Well, when I started, bands were really "punk" about not licensing their songs to commercials or movies. Now it seems like musicians have accepted that doing that is one of the ONLY ways to have a true "career" playing music. You read Pitchfork.com and they talk about what bands are appearing in what commercials. It's a lot harder to tour now too, because with the economy being so shitty, there are a lot more places hosting live music, which spreads out the already thinning audiences even more.
And of course, no one pays for music anymore...but to launch into how that has impacted touring is like pissing in the wind. Is it just you performing on your recordings? Do you produce them also?
It's usually just me, there are guest musicians from time to time, but in general, it's all me. I produced everything, with some mix assistance from Joel Petersen from time to time. 'Tickled Pink' is all me production wise, and I played 98% of what you hear on the album. I record using the Pro Tools Digi 003 and control surface.
Though never one to shy from controversy, what inspired the incredibly explicit cover of 'Tickled Pink'?
I just finally decided to embrace the fact that I'm proud to be an abnormally profane, yet clever, dude. TICKLED PINK, it's so funny!
You're renowned for incredible live shows. How important is touring to what you do?
Well, at some point in Europe I'll reach my 1,000th show, which is astronomical obviously. Touring is really important to me. No matter how much I love partying, or travelling, ultimately my favourite thing is playing a show every day (or as close to as possible). I really must be addicted to playing, because after 1,000 shows, I'm still ready for more.
When touring internationally, you seem to favour some countries over others. Are there any particular destinations you always try to get to?
Yeah! I supposed in Europe, I really try to get to Norway. Bergen is just a fucking cool city, and I have this amazing friend there who runs a huge booking company, and he has taken pity on me for whatever reason, and helps me out with these otherworldly shows, and organizing these beautiful tours of the countryside for me.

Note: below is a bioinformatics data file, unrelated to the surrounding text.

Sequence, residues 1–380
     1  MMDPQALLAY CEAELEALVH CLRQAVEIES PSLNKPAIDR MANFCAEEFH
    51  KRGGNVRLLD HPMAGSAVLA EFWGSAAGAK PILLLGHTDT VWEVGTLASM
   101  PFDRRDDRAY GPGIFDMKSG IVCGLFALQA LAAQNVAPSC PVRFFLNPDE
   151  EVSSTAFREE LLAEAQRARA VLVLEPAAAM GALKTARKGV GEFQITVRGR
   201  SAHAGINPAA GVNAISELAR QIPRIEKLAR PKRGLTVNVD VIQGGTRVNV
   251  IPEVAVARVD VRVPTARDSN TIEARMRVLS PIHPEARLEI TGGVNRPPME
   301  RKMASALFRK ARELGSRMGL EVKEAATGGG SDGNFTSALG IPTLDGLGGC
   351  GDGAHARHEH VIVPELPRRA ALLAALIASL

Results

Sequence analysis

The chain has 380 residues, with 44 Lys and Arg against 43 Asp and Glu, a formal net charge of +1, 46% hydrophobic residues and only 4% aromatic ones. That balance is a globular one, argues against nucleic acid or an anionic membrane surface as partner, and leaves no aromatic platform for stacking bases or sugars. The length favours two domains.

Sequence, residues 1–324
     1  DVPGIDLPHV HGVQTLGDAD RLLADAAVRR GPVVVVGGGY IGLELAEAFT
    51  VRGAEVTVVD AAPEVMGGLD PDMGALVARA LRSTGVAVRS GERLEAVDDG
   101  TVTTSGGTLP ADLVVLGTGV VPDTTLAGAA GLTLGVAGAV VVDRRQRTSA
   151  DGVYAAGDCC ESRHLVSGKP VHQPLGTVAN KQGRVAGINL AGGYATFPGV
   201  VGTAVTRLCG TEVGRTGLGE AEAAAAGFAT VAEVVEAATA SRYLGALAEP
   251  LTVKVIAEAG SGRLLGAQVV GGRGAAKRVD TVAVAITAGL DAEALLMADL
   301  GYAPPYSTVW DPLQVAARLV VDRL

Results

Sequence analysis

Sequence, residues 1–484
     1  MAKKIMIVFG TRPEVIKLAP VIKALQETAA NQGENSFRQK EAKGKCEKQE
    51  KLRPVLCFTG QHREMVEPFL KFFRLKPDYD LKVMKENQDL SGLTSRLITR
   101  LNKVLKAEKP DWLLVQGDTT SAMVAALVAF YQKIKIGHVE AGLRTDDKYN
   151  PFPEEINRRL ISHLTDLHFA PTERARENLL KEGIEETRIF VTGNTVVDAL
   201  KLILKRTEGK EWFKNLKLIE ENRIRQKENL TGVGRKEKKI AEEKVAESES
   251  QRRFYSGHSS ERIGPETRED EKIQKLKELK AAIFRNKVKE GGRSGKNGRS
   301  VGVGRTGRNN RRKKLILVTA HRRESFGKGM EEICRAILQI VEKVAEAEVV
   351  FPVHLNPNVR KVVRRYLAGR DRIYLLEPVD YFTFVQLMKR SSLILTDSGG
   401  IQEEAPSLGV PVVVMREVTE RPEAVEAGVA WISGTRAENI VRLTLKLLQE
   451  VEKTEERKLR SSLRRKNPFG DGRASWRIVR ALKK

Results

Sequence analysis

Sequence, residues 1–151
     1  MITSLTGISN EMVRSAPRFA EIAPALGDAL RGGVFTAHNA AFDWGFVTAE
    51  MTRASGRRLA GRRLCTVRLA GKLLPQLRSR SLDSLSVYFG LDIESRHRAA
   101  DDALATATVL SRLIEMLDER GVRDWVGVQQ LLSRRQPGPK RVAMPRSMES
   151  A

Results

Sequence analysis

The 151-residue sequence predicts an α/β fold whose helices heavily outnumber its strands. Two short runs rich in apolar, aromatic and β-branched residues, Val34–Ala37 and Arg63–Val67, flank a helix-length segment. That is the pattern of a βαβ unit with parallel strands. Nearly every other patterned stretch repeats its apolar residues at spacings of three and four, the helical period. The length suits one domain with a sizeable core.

I also love Italy, because it seems like many US bands spend most of their time in Germany and Netherlands, and I think it's really cool to explore places that other bands don't. You get a really different audience, and overall a really different awesome experience. My first Euro tour ever, I played in Padova, Italy, and got to spend a day in
Venice. As a dorkly, weirdo, Nebraskan, this was a really really mind blowing beautiful experience that makes me feel very fortunate. Last, we are hoping to move to New Zealand, so touring there is a super high priority to us!
Playing with as many bands as you do, what other artists have been exciting you lately?
Zach Hill is releasing great albums for sure, and I'm still totally into Squarepusher / Venetian Snares / Aphex Twin. Fast noisy music with breakbeats. Been diggin Mr. Oizo, and Yip Yip has an absolutely amazing new LP called 'Bone Up'.
Do you anticipate continuing making music and touring indefinitely?
Yeah, I do. Maybe I won't be wanting to do DIY tours of Europe by train when I'm 40, but I'm happy with how things are going for now, and I think there will always be music creation and performance in my life. Cute hipster girls still show up to my shows, so I know I'm not that old and horrible yet.
Are there any particular goals you feel you still have yet to achieve?
I want to tour Japan. I want to release an album on a major label. I want to sell 10,000 copies of an album. I want to tour Europe with UUVVWWZ. I want to do a full month tour supporting some giant band, not in the States. I have all sorts of goals. I'm a pretty hardworking, goal oriented guy. I'm not afraid to fail, but I think if I don't set goals for myself, then I'll just keep bumming around doing the same shit.
Your lyrics are quite literal and biographical, are there any songs you look back on and think differently now?
Yeah sure. There are definitely songs I wish I hadn't written, or been so harsh in. There are songs like 'Drug Free', which, while comical, is definitely not really something I can honestly stand by anymore, as I've become a dumb pothead. I dunno, I guess some of the sillier stuff it doesn't matter if I still "stand by", and the really fierce political/social stuff, I probably do still stand by. All in all it's no big deal, no major regrets!